Adjust the oven rack to the middle position. Place a 12-inch oven-safe skillet on the rack and preheat the oven to 450°F. (Turn on the exhaust fan!)

Combine the salt and pepper in a small bowl. Rinse the chicken inside and out and pat completely dry with paper towels.

Rub the entire surface of the chicken with olive oil. Sprinkle evenly with salt/pepper mixture and rub it in with your hands to coat the chicken evenly. Cut the rosemary sprig in half and insert both pieces into the cavity. Tuck the wing tips behind the back under the chicken.

When the oven reaches the preheated temperature, place the chicken into the preheated skillet in the oven. Set the kitchen timer for 35 minutes and walk away. When the timer beeps, turn the oven off and set the timer for 35 minutes again and walk away.

Do not, under any circumstances, open the oven.

When the timer beeps the second time, transfer the chicken to a carving board and allow it to rest, uncovered, for 20 minutes.

While the chicken rests, prepare a pan sauce. The pan will be very hot so handle it carefully.


1 shallot, finely minced

1 cup chicken broth

2 teaspoons Dijon mustard

2 tablespoons butter

2 teaspoons fresh minced or 1 teaspoon dry tarragon

2 teaspoons lemon juice

2 teaspoons capers (optional)

Freshly ground pepper, to taste

Using a large kitchen spoon, remove all but one tablespoon of fat from the skillet, leaving the brown bits (the fond).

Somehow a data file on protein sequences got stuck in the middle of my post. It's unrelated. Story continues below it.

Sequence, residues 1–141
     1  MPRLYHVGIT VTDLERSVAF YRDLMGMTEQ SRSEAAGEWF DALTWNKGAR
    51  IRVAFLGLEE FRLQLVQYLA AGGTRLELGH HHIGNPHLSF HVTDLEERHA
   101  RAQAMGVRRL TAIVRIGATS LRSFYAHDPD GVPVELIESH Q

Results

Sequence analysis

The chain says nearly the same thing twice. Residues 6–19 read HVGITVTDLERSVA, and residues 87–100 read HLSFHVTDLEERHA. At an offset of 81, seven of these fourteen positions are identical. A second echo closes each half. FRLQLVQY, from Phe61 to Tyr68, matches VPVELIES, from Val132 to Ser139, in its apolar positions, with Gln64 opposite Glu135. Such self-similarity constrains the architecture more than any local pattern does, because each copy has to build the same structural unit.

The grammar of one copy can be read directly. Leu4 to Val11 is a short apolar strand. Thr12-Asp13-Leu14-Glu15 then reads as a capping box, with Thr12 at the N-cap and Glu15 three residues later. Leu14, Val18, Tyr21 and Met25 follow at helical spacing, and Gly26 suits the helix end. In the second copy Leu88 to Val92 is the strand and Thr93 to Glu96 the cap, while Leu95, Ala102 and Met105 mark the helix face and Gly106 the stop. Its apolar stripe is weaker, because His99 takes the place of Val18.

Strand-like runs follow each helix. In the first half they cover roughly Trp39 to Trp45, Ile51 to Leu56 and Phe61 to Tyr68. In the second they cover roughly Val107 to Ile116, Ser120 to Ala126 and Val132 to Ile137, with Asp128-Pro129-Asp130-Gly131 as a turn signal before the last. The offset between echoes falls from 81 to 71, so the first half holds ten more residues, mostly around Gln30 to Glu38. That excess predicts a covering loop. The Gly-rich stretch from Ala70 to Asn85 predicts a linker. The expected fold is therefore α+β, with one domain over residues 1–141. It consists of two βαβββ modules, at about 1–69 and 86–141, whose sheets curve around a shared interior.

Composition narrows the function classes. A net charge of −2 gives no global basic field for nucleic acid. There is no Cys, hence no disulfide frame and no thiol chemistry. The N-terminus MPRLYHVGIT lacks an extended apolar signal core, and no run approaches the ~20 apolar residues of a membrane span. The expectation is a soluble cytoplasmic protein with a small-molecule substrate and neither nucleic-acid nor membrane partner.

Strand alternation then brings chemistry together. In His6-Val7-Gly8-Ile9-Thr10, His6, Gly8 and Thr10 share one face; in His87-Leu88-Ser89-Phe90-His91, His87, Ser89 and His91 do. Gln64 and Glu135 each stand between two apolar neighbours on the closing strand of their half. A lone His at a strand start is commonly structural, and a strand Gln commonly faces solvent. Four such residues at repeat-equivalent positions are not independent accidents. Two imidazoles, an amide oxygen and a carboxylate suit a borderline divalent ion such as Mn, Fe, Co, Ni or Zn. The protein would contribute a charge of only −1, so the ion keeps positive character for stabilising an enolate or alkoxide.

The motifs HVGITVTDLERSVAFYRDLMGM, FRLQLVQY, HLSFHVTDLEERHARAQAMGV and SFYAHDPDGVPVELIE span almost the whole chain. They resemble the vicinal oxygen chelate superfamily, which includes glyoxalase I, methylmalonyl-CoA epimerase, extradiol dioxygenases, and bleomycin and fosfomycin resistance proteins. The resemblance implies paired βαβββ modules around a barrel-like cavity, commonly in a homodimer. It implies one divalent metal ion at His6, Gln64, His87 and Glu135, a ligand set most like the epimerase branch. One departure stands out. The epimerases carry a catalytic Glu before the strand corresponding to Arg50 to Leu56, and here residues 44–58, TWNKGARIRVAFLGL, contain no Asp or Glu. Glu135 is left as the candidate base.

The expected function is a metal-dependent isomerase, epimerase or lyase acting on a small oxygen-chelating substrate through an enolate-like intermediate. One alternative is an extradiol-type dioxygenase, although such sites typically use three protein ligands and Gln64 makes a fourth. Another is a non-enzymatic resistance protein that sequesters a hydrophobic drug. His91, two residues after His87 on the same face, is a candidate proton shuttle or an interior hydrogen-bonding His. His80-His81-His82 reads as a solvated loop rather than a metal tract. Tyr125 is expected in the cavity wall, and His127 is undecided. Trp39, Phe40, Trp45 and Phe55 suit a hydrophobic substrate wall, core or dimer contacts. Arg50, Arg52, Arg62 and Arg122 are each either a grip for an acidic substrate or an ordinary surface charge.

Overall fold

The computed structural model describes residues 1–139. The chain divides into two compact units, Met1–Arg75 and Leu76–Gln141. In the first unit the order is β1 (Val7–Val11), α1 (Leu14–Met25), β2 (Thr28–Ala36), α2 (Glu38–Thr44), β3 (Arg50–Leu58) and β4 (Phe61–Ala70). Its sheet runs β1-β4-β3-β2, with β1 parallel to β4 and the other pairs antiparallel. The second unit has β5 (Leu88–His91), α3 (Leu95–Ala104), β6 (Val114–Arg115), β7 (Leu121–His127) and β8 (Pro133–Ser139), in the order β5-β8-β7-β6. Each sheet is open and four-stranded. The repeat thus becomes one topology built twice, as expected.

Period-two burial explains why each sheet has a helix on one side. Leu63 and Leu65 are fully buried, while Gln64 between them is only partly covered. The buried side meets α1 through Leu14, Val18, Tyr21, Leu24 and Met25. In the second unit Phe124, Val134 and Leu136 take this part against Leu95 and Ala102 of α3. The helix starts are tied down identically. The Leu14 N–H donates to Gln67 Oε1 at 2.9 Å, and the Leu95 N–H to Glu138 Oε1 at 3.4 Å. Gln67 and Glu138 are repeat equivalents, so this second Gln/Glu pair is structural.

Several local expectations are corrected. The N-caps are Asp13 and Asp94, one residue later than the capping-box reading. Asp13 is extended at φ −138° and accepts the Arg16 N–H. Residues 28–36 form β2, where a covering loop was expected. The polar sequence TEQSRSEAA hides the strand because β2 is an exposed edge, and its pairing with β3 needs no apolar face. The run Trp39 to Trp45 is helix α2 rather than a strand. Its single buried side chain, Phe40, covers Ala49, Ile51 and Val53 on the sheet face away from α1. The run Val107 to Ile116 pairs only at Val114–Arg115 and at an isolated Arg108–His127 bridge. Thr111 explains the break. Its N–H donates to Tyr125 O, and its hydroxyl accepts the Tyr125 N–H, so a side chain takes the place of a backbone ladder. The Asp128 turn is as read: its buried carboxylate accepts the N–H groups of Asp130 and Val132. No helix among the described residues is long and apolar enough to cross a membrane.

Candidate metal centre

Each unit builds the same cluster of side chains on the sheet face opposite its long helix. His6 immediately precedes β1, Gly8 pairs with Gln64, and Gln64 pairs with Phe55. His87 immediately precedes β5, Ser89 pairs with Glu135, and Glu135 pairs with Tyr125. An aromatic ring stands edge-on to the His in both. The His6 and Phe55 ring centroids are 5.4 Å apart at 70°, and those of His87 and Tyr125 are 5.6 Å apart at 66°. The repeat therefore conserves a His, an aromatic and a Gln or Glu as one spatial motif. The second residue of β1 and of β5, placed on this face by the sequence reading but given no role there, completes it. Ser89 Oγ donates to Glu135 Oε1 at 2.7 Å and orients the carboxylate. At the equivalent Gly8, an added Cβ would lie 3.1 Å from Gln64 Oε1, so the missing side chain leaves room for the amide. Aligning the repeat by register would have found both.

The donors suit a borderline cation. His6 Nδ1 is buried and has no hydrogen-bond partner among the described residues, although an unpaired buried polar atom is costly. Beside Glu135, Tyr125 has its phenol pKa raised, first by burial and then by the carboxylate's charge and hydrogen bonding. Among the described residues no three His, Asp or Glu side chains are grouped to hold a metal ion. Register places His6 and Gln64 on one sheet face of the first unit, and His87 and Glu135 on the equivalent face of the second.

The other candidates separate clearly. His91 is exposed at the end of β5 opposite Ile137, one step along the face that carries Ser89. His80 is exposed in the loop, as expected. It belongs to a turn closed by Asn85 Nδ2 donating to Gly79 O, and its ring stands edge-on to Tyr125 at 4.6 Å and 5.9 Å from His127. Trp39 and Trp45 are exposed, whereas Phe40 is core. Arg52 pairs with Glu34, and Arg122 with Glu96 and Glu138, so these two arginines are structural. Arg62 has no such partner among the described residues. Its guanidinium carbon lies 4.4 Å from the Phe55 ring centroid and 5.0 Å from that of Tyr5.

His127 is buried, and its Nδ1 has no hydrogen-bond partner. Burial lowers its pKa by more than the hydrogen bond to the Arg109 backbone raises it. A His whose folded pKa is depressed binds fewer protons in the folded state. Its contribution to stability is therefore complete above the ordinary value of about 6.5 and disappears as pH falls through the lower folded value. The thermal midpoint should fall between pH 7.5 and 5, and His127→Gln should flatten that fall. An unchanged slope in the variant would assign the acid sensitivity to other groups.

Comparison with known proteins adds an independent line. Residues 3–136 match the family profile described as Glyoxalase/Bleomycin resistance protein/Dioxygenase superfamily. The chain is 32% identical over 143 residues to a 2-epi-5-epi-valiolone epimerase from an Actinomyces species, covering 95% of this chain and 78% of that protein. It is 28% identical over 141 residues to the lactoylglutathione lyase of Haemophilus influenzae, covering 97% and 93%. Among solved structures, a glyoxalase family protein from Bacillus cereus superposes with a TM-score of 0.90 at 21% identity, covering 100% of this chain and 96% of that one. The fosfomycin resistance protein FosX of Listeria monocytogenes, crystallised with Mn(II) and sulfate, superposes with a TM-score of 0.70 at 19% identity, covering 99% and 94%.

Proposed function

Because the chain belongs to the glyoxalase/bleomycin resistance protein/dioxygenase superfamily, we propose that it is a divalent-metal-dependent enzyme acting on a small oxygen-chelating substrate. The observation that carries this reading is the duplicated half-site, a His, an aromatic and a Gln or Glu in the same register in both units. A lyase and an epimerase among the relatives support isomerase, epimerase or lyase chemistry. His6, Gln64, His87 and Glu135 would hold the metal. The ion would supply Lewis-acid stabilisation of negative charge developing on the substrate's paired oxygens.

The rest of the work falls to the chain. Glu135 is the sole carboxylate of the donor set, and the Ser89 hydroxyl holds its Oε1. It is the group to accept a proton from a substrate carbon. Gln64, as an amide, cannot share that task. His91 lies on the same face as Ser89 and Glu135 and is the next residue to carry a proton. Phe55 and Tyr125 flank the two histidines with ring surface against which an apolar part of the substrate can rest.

Place the skillet over medium-high heat, add the shallot and cook until softened, about 2 minutes. Stir in the broth and mustard, scraping the skillet bottom with a wooden spoon to loosen the fond from the pan.

Turn the heat down and simmer the broth until reduced by one-third, about 3 minutes. Turn off the heat and whisk in the butter, tarragon and lemon juice until the sauce begins to thicken, about 2 minutes. Add the capers and season with black pepper. Cover the pan to keep warm.

After resting for 20 minutes, carve the chicken and serve with a spoonful of the pan sauce drizzled over each serving.

If you opt for a grocery store chicken, it will be larger than fresh, local chickens, so increase the timer settings to 40-45 minutes roasting and 40-45 minutes with the oven turned off (depending on how much over 4 pounds your chicken is).

Jeff Thal welcomes questions and comments at his blog,

About Cheff

Lancaster Eats highlights the best resources our community has to offer. From farmers to markets to vendors to retailers, we highlight those members of our wonderful food community who are striving to improve the presence of the commercial and retail food industry for all the citizens of Lancaster. The food we eat and drink is important to every single one of us, and we believe that everyone is entitled to safe and healthy food and drink. We hope to engage the citizens of our city and county who care about the food we eat and the environment in which we live. We know there are many people in the community who are doing wonderful things that benefit the people of Lancaster, as customers and consumers. We hope you will let us know who they are so that we can learn and inform those who eat and drink. That, as we know, is all of us. We are all in this together. Let's build a community.

Posted on December 16, 2018, in Recommendations. Bookmark the permalink. Leave a comment.